Guitars

1973 saw a rather dramatic change in Carvin's catalogs - in a word, color!  This 32-page catalog featured a color cover, and color center spread featuring the '73 lineup of guitars and basses.  Granted, it was only 3 pages, but it was a step in the right direction.

1973 Basses

1973 Guitar Amps

1973 Bass Amps

You can also see Carvin's guitar amps from 1973 right here.

Click each picture for a larger version.

1973 Carvin Catalog Cover

The center spread featured all of Carvin's guitar and bass models for 1973.  Notice the wide variation of styles, most of which were similar in one way or another to instruments made by other manufacturers.  On the guitar side, the AS50B, which was similar to a Gibson ES-335.  Next, the CM95, which had obvious similarities to the Les Paul, and the SS75B & SS65B, which were similar to the Fender Strat, all the way down to the headstock.  

1973 Carvin Guitars

The AS50B (far left) was a semi-acoustic guitar, with a bolt-on Höfner neck.  Body wood was not specified, but it was finished in sunburst with "polyester" clear coat (although in 1974 and 1975, it would be clarified as spruce top with flamed maple back and sides).  Amenities included cast aluminum bridge and tailpiece, white MOP pickguard, Kluson tuners, 22-fret rosewood fingerboard on maple neck and MOP fingerboard and headstock inlays.  Electronics consisted of a pair of AP6 humbucking pickups with dual volume and tone controls and 3-way selector switch.  Base price was $189.95, or $219.90 with a Bigsby tailpiece.  A left-handed model was available for $199.95, or in a 12-string version for $189.90.  The AC11 soft case was $16.95.

The CM95 (second from left) was a solid maple, single cutaway guitar with a bolt-on maple Hofner neck.  It was only available in clear satin natural finish, and featured a 22-fret rosewood fingerboard, MOP inlays, Kluson tuners, cast aluminum bridge and celluloid pickguard.  Electronics consisted of a pair of AP6 humbucking pickups with dual volume and tone controls and 3-way selector switch.  Base price was $199.95, or $229.95 with a Bigsby tailpiece.  A left-handed model was available for $209.95.  The SC14 hardshell case was $29.95.

The SS75 (second from right) and SS65 (far right) were essentially the same instrument, with the only difference being the construction and finish.  The SS75 was made of solid maple, with a clear satin natural finish.  The SS65 was made of "lighter high quality wood" with sunburst finish.  Both models had otherwise the same amenities as the CM95.  The SS75 sold for $159.95, or $189.95 with Bigsby tailpiece.  A left-handed model was available for $169.90.  The SS65 sold for $139.95, or $169.95 with Bigsby tailpiece.  The SC15 hardshell case was $29.95.

Click here to see the actual catalog page featuring the descriptions.

These are not Carvin guitars, but actually Höfner models from 1967.    However, they are worth looking at.  Notice the near-identical resemblance of these two models to the AS50 above - the body shapes and finish are identical, and the headstock shape and inlay was the same as that used on Carvin guitars in the 1970s -more proof of the relationship that existed between Carvin and Höfner in the 1960s and 1970s.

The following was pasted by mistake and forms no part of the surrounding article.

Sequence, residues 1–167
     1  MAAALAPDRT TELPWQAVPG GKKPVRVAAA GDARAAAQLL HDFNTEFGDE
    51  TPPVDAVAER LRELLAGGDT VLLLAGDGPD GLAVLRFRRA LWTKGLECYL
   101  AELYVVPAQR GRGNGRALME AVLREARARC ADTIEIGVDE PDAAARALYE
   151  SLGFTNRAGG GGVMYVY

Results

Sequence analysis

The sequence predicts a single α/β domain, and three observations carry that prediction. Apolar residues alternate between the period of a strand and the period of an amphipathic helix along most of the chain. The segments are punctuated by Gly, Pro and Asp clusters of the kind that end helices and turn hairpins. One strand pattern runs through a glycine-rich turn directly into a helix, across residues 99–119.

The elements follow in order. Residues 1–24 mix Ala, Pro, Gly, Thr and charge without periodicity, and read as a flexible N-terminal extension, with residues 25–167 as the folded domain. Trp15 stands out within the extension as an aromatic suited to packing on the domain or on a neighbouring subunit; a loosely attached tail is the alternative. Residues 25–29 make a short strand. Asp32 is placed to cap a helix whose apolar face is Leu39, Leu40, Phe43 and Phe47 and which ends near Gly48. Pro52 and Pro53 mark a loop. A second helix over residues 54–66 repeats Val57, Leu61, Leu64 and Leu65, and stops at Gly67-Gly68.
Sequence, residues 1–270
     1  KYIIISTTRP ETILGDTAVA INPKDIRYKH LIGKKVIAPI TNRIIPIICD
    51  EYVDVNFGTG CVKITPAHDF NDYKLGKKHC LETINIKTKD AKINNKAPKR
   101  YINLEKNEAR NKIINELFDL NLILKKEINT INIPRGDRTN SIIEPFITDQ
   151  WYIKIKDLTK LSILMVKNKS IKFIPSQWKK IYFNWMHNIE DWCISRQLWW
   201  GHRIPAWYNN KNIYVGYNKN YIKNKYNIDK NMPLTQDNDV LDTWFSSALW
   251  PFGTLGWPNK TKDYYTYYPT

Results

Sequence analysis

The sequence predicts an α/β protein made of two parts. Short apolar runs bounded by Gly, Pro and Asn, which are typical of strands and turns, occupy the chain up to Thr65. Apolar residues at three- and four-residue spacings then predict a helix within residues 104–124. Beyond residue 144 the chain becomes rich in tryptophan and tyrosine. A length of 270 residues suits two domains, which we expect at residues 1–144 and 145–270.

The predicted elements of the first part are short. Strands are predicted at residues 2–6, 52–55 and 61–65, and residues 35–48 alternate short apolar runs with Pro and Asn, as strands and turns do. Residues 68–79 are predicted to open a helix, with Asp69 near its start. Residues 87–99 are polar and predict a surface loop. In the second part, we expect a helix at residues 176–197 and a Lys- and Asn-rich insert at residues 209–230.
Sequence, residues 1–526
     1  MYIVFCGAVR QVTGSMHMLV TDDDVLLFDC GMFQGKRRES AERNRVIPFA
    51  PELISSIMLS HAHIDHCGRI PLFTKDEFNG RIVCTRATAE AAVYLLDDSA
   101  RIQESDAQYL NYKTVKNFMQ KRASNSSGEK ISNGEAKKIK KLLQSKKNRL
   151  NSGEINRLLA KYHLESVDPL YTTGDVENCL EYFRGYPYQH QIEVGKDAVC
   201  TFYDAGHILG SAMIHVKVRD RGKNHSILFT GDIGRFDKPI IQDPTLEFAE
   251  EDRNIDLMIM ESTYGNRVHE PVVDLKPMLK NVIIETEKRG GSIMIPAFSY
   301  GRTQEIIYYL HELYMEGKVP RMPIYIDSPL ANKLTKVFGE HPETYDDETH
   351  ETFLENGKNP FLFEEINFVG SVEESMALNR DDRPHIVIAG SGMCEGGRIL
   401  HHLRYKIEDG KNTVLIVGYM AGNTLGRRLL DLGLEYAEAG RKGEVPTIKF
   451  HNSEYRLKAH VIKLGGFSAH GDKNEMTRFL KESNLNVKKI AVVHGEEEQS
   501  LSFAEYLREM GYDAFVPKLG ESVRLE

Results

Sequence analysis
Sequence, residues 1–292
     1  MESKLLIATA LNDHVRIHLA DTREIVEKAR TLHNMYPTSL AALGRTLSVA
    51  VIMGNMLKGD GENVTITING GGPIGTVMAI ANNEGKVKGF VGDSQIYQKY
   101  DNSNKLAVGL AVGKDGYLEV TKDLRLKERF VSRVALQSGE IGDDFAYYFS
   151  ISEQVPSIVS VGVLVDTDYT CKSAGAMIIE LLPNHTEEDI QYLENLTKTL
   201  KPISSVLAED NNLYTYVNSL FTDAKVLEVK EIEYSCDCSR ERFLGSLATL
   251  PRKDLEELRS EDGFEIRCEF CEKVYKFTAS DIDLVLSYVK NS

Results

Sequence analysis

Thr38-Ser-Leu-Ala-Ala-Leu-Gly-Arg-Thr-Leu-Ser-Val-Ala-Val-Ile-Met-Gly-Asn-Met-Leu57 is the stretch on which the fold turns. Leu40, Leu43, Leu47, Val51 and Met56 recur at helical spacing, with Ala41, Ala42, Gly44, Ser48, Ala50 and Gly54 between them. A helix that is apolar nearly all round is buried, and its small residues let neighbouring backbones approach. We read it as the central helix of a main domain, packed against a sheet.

1967 Hofner Guitars
1973 Carvin DTS90B Doubleneck Guitar

Although the standard guitars and basses got the full-color treatment, Carvin's doublenecks and Hawaiian steel guitars were still shown in black-and-white.  The model shown here is a DTS90B doubleneck, which was a combination 12-string and Spanish guitar, and had been in production under a variety of model names since the early 60's.

The features of the DTS90B were basically the same as the SS75 guitar - that is, Hofner bolt-on necks with rosewood fingerboards,  AP6 pickups with 3-way selector switch.  Additionally, the necks were wired independently of each other, so each neck could be plugged into a different amp.  The 6-string neck was available with or without the Bigsby vibrola.

The DTS90B sold for $279.95, and the DNS98 (without the Bigsby) sold for $249.95.  A left-handed model was not available.  The SC27 hardshell case was $34.95.

Not shown was the DMS95 and DMS95B, which were 6-string guitar/mandolin doublenecks.  The DMS95 sold for $249.95, and the DMS95B (with Bigsby) sold for $279.95.

In 1973, Carvin still offered Hawaiian steel guitars, but their days were numbered.  Within a few years, they would be gone from the lineup forever, but at the time, there were 6-string, 8-string and doubleneck models available, all short scale (22 1/2") instruments.  These were made of solid hardrock maple, with Carvin pickups (which were used on many other brands of steel guitars), ivory tuning pegs, chrome hand guard, and volume and tone controls.  

The PRO-S8 8-string (near right) sold for $89.95.  The PRO-D6 doubleneck 6-string (far right) sold for $124.95.  Also available was the PRO-S6 6-string model for $79.95, and the PRO-D8 doubleneck 8-string, which was $144.95.  A set of telescoping chrome-plated screw-in legs was available for $18.95, and the SC12 hardshell case sold for $27.95. 

1973 Carvin Hawaiian Steel Guitars
1973 Carvin Order Form

Lastly, the back cover contained various ordering information, as well as an order form, which would be a mainstay of Carvin's catalogs for years to come.  Note in red the details of the 10-day trial period, which has been one of Carvin's strongest selling points.